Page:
The bulk of the RAGBRAI bicyclists — most wearing helmets and bright riding attire — started peddling through Walcott’s streets, which were lined with American flags, about 9 Saturday morning (July 30, 2011). The last one may have been the shirtless man who rode through at 7:30 Saturday night.
The Register’s Annual Great Bike Ride Across Iowa began July 24 in Glenwood, Iowa, and ended Saturday in Davenport. Walcott was the final day-stop on the route.
It was a day to remember.
Scores of volunteers in lime green Walctoberfest T-shirts were ready for the participants. Ready to welcome them, ready to direct them, ready to assist them and, with the help of Iowa 80 Kitchen, ready to feed them items like pulled pork sandwiches, chips, fresh fruit and slices of homemade pie.
Walcott’s welcomes were evident throughout town. People sat in lawn chairs shouting encouragement and applauding. It was like the Walcott Day parade revisited. Harry Knutsen, who sat in a lawn chair across the street from his house on Main Street, waved and shouted, “Good morning. Welcome to Walcott!” to groups of riders.
Insurance agent Brent Arp, shielded from the sun by a large cowboy hat, greeted riders as they approached Victory Park, giving many high fives or, more accurately, low fives.
“I’ll buy the first beer,” Arp joked as some sailed by. Well, I think he was joking since he never pulled out his wallet or left his post to make good on the promises.
Dick Hagen was on hand, portraying Walcott founder Willie Walcott. His character is a community icon. Wearing a wrinkled, balding old man mask and dressed in a Walctoberfest T-shirt and trademark black suit, Hagen earned some smiles as he shook the hands of riders entering the park.
Walcott’s RAGBRAI stop was a well-planned production spearheaded by Mayor Jim Couper and organized by Kris Burt. Planning began in early February, well before the ride’s route was even finalized.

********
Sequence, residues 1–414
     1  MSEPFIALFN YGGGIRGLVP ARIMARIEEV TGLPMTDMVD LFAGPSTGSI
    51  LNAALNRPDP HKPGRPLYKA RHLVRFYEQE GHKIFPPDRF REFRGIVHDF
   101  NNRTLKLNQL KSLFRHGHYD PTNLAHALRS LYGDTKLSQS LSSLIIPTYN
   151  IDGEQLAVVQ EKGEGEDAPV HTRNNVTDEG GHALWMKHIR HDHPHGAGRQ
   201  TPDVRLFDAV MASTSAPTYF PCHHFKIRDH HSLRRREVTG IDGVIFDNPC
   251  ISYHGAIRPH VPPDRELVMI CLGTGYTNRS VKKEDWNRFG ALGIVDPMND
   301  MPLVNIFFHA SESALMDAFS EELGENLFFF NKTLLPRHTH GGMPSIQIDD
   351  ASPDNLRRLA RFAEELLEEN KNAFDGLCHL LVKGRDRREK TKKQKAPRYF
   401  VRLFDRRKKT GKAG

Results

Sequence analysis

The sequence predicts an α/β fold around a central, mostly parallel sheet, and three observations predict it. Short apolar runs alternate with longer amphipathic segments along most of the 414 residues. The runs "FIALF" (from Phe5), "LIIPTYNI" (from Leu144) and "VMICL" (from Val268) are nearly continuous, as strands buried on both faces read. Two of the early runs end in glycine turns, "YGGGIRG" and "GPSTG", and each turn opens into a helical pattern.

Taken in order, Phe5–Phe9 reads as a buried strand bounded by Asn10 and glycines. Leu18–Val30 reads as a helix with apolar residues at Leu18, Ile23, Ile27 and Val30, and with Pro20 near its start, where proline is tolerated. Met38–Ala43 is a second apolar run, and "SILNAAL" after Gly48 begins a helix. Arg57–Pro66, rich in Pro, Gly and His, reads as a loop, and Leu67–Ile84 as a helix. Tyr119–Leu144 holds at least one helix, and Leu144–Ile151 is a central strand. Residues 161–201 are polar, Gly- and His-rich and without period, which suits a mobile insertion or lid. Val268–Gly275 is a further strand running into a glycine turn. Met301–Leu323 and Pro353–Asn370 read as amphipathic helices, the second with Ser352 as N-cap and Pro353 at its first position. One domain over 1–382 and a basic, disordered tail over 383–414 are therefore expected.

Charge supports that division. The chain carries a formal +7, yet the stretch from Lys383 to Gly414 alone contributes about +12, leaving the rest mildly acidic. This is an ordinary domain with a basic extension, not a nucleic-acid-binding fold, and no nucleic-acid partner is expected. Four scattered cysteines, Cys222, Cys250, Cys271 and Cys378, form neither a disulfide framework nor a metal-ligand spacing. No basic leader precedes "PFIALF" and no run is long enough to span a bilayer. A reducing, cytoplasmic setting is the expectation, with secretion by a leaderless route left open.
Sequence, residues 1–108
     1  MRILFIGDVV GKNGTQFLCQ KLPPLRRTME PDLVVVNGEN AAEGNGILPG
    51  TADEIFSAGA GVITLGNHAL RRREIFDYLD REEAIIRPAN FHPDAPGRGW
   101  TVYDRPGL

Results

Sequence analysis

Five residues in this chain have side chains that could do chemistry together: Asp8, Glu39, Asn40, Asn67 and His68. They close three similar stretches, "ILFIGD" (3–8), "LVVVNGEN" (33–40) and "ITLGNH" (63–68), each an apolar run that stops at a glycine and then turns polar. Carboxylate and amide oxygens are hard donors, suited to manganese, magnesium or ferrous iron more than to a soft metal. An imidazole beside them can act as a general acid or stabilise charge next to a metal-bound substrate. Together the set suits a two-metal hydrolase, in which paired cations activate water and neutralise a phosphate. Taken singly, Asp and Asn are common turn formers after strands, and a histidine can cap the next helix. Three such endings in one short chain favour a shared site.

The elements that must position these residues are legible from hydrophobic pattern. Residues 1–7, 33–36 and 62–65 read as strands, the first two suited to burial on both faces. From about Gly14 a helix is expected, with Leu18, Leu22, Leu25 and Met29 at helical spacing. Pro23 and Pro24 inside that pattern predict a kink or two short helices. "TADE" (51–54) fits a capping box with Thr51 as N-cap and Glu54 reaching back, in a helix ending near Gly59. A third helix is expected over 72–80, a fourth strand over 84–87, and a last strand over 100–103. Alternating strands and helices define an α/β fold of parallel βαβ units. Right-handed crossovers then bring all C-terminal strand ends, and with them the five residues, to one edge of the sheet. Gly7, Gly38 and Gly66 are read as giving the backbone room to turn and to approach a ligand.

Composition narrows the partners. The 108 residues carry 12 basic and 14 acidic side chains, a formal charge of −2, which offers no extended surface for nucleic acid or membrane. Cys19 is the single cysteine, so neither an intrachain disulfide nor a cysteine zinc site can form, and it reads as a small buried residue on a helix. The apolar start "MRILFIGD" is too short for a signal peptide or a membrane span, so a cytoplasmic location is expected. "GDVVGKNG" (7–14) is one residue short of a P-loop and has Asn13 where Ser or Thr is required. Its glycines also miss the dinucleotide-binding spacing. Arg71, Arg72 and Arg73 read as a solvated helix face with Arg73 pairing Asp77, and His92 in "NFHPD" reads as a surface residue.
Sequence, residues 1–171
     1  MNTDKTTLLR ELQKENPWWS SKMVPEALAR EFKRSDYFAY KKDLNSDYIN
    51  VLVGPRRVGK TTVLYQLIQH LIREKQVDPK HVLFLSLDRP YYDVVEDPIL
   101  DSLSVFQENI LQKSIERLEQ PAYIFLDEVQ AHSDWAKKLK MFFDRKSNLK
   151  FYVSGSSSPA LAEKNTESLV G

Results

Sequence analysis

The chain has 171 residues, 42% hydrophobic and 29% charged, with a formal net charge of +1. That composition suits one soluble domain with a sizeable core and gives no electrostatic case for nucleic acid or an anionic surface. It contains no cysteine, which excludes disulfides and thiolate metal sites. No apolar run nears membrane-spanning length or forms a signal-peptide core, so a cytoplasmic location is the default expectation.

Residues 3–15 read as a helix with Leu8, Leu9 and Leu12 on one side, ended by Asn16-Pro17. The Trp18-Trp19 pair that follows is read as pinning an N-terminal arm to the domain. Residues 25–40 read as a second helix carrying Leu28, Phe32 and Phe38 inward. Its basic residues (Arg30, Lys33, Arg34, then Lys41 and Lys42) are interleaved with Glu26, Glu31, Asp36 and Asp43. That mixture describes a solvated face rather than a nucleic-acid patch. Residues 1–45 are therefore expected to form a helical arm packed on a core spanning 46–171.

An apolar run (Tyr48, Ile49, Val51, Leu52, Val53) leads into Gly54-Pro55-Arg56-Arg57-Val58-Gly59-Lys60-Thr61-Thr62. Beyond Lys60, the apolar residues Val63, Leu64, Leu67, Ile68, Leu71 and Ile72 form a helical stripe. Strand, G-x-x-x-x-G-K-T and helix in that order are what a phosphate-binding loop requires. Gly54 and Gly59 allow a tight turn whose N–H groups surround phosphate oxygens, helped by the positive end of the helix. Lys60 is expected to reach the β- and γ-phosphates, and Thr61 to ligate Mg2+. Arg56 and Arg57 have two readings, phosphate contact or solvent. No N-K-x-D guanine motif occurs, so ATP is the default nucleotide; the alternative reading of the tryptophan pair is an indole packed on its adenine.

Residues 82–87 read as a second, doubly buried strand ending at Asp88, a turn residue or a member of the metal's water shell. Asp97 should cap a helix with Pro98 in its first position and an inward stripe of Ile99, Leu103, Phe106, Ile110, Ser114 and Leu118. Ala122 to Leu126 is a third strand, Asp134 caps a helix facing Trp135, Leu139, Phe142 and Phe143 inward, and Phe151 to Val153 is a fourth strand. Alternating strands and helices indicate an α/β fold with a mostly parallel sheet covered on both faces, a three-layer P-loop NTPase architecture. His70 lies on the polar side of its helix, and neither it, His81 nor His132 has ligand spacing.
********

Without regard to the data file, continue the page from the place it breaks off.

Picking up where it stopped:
The day-stop took place in Victory Park. But other spots, like the Walcott Coliseum and The Lampliter, also welcomed participants.
One of the more popular places in Walcott Saturday, though, was the church lawn on the northeast corner of Main and James streets. Just before some of them stretched out on the shaded grass to relax a bit, riders stopped at a nearby fire hydrant equipped with four faucets to fill their bottles with fresh, cold water.
Public works director John Brockmann steadied riders’ bikes for them — most don’t have kickstands — and chatted with them. Some dumped water over their heads in an attempt to cool off.
Charlie Visek of Cedar Rapids was one of those stretched out in the church yard. It was his first RAGBRAI.
“I’m a virgin,” said the former baseball umpire and basketball official. He was riding with his son, Casey, who said they kept a 17-18 mph pace. Charlie said he’ll ride again next year because “this is my new activity.”
Also resting there was Brent Siemers of Kansas City. I asked him about the week’s heat.
“Wednesday was the last bad day heat-wise,” he said. “I am sure there were some struggles out there, but we left early and we had some cloud cover until 10 or 10:30 in the morning.” Camping out in a tent at night all week, however, Siemers said, had been uncomfortable because of the high humidity.